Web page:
Lt. Kayla Barron, currently serving as flag aide to U.S. Naval Academy Superintendent Vice Adm. Walter E. Ted Carter Jr., was recently selected by NASA to join the 2017 Astronaut Candidate Class.
|Photo courtesy of NASA|
Barron is the 54th USNA graduate to be selected for the astronaut program.
"I think at the heart of my interest in the astronaut program is that it appealed to my adventurous, pioneering spirit," said Barron.
A Richland, Washington native, she graduated from the U.S. Naval Academy in 2010 with a Bachelor’s degree in systems engineering as a member of the first class of women commissioned into the submarine community.
Immediately upon graduation, Barron attended the University of Cambridge on a Gates-Cambridge Scholarship, graduating with a Master’s degree in nuclear engineering before heading to Naval Nuclear Power Training Command for training. She then completed a tour on board USS Maine (SSBN 741), an Ohio-class ballistic missile submarine.
“After a couple of years working on the submarine, I knew I really enjoyed working in that environment," she said. "I got to learn how to operate on a team of highly-functioning people in a resource-limited environment, where the consequences of our decisions really mattered.”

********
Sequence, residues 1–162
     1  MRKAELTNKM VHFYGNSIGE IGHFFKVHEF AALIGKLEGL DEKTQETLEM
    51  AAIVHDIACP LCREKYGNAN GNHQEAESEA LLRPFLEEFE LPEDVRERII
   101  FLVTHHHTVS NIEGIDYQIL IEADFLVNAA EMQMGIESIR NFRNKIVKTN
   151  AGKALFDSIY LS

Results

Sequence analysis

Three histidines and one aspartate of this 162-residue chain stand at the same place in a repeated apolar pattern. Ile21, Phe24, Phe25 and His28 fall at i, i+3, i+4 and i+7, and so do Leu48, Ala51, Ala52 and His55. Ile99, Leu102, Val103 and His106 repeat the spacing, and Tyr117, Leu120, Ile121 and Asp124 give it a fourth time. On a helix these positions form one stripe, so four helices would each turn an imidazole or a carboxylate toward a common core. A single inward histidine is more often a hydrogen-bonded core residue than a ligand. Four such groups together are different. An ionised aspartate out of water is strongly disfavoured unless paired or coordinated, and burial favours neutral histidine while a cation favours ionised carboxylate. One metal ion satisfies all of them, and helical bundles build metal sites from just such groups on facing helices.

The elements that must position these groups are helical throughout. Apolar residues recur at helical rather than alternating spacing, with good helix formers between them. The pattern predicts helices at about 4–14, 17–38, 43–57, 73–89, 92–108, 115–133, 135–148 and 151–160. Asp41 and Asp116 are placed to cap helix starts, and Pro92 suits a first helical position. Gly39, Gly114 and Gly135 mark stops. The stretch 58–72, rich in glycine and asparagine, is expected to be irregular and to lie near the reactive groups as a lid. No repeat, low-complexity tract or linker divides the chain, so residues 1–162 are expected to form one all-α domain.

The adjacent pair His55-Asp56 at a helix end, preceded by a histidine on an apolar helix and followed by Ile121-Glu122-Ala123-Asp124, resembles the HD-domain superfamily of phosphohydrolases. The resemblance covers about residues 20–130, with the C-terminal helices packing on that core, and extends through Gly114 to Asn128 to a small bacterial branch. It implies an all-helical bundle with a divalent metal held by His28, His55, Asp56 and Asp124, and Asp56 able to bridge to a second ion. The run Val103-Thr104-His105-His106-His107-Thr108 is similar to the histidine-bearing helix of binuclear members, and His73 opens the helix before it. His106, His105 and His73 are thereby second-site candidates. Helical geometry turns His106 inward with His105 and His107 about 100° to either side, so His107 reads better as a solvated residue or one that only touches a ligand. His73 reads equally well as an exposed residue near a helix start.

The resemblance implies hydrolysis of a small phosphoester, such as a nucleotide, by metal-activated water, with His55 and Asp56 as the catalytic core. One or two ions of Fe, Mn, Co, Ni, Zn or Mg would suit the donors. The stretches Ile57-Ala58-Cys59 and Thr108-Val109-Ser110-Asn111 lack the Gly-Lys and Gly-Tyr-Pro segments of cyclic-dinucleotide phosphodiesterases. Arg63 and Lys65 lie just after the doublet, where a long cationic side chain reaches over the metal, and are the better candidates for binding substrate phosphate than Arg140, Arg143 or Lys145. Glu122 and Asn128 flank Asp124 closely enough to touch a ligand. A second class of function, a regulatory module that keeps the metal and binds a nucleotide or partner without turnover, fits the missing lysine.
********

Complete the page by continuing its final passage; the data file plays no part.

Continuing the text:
Barron said that although she has always had a passion for science and exploration, the astronaut program is a fairly new goal for her.
“When I was exposed to the astronaut office a few years ago, I started to recognize all of the parallels between what we do on submarines and what our astronauts are doing on the international space station,” said Barron. “I think that was the moment that it clicked.”
Barron will report for duty in August 2017 to begin two years of training. Upon completion, she will be assigned technical duties in the Astronaut Office while she awaits a flight assignment.
According to a NASA press release, the new astronauts could be assigned to a variety of future missions, including performing research on the International Space Station, launching from American soil on spacecraft built by commercial companies, and departing for deep space missions on NASA’s new Orion spacecraft and Space Launch System rocket.